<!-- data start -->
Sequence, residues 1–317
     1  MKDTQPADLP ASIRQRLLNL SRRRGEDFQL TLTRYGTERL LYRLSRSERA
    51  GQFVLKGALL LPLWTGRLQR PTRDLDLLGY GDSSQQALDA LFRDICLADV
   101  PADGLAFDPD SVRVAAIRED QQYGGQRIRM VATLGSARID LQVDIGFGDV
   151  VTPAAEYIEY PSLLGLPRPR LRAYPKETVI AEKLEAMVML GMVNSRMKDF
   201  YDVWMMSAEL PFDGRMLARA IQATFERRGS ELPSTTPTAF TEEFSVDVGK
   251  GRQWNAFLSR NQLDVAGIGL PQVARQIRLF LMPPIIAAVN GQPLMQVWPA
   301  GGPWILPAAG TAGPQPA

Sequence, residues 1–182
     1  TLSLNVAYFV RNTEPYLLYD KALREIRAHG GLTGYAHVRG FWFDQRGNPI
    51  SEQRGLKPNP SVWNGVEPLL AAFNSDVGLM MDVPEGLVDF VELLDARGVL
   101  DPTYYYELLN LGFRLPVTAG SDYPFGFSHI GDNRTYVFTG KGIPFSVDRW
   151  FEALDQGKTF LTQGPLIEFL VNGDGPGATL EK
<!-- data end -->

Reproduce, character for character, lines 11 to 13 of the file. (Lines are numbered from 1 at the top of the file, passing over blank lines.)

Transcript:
    51  SEQRGLKPNP SVWNGVEPLL AAFNSDVGLM MDVPEGLVDF VELLDARGVL
   101  DPTYYYELLN LGFRLPVTAG SDYPFGFSHI GDNRTYVFTG KGIPFSVDRW
   151  FEALDQGKTF LTQGPLIEFL VNGDGPGATL EK